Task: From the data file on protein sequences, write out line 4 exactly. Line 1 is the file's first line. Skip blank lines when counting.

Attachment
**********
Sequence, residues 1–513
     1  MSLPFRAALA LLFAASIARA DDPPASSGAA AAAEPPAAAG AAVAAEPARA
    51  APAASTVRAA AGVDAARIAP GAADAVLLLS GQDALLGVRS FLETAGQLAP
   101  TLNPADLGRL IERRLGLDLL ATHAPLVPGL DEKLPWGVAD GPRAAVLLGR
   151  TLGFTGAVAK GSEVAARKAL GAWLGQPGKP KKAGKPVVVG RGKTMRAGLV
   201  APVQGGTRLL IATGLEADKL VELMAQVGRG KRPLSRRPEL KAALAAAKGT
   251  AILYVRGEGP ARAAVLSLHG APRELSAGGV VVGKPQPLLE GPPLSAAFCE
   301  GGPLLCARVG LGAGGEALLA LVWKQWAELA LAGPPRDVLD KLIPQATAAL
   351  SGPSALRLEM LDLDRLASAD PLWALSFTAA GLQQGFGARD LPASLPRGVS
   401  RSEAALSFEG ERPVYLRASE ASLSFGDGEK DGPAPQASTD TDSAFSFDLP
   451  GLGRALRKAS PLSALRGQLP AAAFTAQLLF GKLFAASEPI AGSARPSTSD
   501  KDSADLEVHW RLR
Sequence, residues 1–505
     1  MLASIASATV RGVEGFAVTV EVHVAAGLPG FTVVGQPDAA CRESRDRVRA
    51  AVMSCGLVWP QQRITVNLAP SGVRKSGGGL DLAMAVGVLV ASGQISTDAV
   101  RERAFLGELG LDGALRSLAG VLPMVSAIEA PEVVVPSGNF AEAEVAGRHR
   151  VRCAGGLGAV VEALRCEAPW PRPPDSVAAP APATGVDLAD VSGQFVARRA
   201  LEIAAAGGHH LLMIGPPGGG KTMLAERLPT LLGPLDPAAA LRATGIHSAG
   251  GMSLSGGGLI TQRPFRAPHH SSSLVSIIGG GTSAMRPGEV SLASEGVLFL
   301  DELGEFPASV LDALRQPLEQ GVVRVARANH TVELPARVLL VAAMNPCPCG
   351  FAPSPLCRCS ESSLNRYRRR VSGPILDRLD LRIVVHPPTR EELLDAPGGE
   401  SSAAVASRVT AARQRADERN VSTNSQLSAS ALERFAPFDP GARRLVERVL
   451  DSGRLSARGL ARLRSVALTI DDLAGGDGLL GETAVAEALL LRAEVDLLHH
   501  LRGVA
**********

   101  TLNPADLGRL IERRLGLDLL ATHAPLVPGL DEKLPWGVAD GPRAAVLLGR